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Things to Consider Before Bringing Your Franchise Brand to the U.S.
The opportunity of expanding your business to the United States market is exciting. Whether you are looking to simply invest, relocate temporarily while working in your business, or are seeking work and citizenship for you and your family, there are choices to be made and different routes to take. U.S. franchise laws and best practices are available for guidance, and organizations like the International Franchise Association (IFA) and others exist as resources, however, seeking the advice from professionals within the franchising industry can uncomplicate the process and make your dreams of global expansion a reality.
As you consider where in the U.S. to market your concept, it is recommended that you become well versed with state and federal requirements.
Franchise laws and regulations exist at both state and federal levels. One must consider provisions in place regarding franchise registration, disclosure and relationship laws. Relationship laws govern the ongoing relationships between franchisors and franchisees, as well as between manufacturers and dealers or distributors.
In addition to federal and state laws, there is the issue of status. How do non-U.S. citizen businesspeople apply for status to invest in or establish a business on U.S. soil? Two options to discuss with your immigration attorney are the E2 visa and the EB5 visa. There are pros and cons to each, and there is a House Bill (H.R. 3265) that has been introduced to the United States Congress that would impact the E2 visa for the better, and it should pass.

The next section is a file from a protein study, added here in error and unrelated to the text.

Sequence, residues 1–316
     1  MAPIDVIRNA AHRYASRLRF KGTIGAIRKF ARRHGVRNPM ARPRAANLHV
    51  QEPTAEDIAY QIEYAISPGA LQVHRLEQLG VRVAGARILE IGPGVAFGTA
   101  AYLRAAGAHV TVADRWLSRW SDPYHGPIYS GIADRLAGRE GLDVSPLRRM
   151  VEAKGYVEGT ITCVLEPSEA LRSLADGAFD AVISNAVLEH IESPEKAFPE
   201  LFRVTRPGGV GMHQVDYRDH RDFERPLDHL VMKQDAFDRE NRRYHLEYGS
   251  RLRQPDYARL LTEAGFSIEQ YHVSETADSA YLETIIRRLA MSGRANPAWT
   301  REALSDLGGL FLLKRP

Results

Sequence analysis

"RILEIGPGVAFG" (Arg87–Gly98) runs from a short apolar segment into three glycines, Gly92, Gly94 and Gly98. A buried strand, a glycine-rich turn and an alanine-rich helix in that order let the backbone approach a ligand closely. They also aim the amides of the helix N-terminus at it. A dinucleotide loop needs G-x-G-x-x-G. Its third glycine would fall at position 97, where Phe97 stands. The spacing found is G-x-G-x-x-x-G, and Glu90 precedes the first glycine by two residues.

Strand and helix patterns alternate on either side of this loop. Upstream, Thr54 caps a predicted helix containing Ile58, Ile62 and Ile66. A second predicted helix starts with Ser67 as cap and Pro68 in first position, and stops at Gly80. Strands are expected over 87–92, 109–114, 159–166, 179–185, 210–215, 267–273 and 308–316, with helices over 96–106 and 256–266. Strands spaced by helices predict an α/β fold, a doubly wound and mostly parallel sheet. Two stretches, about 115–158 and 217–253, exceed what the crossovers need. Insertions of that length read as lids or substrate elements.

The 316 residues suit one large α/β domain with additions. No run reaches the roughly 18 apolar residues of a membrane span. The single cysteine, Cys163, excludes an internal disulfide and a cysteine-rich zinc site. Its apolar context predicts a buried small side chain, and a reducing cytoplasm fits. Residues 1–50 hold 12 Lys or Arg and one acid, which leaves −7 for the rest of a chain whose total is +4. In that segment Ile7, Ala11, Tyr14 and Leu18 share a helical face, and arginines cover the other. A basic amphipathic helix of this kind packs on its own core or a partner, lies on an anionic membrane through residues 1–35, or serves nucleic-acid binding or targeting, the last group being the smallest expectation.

Foreign investors are advised to conduct their due diligence before becoming a franchisor in the United States. Ask yourself some basic questions. Is there a market for my concept in the U.S. and is it competitive? How does my initial investment compare to my competitors? Do I want to live in the U.S. and run my business or stay in my own country? Can my family join me? How much will it cost?
According to the IFA, the top three most populated franchise industries are Quick Service Restaurants (QSR), Personal Services, and Business Services. Highly regulated industries by the U.S. government include energy, communications and defense. If your business interests lie within these three categories, the opportunities are still plentiful but may take more time. Some industries, such as those having to do with farming equipment, alcohol distribution, automotive dealerships, and more have industry specific laws that work in favor of the business professional.
Tasks at Hand
Once you have decided that bringing your business to the United States is the chosen avenue toward expansion, there is housekeeping to be done. Namely, paperwork and money matters.
The two most significant documents created throughout the franchise process are the Franchise Disclosure Document (FDD) and Franchise Agreement. Both are typically prepared by a U.S. attorney specializing in franchise law. The FDD is a mandatory legal document that outlines many specific aspects of its franchise program and includes 23 required elements. A Franchise Agreement is a legal, binding contract between a franchisor and franchisee and may include elements that give an overview of the arrangement, terms, fees, etc.
We suggest that when you bring your brand to the US, you create a US entity that will conduct all franchising activities in the US. As a new franchisor in the US, you will only need to have an opening balance sheet with cash in a US bank. This opening balance sheet must be prepared according to US GAAP.
The journey to become a foreign investor/franchisor in the United States is a process worth the effort. Like franchising, systems are in place to simplify the process for those driven to bring their concepts here. With the right professional guidance, you too can see your name, or the name of your business, operating on any Main Street in the USA.